In this paper I discuss how Man of La Mancha, a story written by the Taiwanese novelist, Chu Tien-Hsin, resonates with the French philosopher Maurice Blanchot’s analysis of Franz Kafka’s reflections on death and writing. In his reading of Kafka’s writings, Blanchot notices the close and dynamic relationship between writing and death in his The Space of Literature. His primary argument is that writers are drawn to death in the same manner as they are drawn to the origin of creativity. I argue that a similar theme is also observable in Chu’s novella Man of La Mancha, which tells the story of a young freelance writer who obsessively prepares for his inevitable yet unpredictable death after experiencing a sudden illness. I use Man of La Mancha as a springboard to explore and contest Blanchot’s theory on death and writing. After giving brief overviews of Chu’s death narrative and Blanchot’s theory, I focus on Man of La Mancha in terms of Blanchot’s definition of récit (i.e. “a narrative of narrative”), and examine her story as a literary representation of the unique space containing both writing and death. I believe that a simultaneous reading of Chu and Blanchot’s discussion on death and writing will illuminate how writers situate themselves in the space of literature in which the best writing is possible.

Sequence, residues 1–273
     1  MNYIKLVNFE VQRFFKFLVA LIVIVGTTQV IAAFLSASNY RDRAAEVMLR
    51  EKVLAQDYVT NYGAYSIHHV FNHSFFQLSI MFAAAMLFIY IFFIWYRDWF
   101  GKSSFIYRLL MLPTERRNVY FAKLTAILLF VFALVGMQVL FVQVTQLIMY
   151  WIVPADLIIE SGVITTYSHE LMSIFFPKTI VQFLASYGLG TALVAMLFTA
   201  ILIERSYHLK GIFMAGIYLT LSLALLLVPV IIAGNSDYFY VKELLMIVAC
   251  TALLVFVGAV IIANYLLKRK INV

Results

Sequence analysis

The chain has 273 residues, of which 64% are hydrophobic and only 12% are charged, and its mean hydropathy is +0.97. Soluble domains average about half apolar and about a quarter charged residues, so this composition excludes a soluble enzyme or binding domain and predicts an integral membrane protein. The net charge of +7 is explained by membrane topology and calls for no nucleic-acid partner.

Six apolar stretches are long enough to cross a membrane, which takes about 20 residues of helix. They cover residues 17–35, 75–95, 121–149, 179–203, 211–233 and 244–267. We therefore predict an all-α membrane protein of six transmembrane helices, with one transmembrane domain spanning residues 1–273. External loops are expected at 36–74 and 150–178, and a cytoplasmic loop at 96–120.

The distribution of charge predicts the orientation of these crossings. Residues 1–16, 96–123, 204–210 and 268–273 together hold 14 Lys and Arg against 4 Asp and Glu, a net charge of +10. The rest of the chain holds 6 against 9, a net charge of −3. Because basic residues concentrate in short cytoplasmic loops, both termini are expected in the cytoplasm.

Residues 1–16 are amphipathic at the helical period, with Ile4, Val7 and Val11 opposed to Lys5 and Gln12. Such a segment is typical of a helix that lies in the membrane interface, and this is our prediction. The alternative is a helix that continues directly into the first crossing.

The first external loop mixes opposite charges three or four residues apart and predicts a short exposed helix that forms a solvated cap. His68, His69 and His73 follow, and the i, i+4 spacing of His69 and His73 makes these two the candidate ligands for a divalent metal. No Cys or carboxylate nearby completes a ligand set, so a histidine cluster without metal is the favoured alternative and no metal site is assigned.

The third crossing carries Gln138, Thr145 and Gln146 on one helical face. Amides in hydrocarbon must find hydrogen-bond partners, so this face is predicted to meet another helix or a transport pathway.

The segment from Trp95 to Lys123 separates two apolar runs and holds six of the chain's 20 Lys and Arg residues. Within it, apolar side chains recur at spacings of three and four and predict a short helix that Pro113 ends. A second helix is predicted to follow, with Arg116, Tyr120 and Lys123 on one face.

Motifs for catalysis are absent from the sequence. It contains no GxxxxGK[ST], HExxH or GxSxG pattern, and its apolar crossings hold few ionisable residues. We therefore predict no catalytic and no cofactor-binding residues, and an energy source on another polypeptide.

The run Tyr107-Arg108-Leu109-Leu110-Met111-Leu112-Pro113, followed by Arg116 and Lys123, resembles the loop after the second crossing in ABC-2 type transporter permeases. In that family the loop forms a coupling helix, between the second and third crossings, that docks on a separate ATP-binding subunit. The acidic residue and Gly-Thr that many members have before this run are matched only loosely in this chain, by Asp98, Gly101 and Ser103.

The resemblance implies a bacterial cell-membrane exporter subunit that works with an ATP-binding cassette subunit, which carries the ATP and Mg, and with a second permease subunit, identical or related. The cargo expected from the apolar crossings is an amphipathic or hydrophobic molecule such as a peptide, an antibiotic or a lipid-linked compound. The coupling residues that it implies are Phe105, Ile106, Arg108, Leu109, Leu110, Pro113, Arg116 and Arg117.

|Number of pages||11|
|Journal||Caesura—Journal of Philological and Humanistic Studies|
|Publication status||Published - 2017|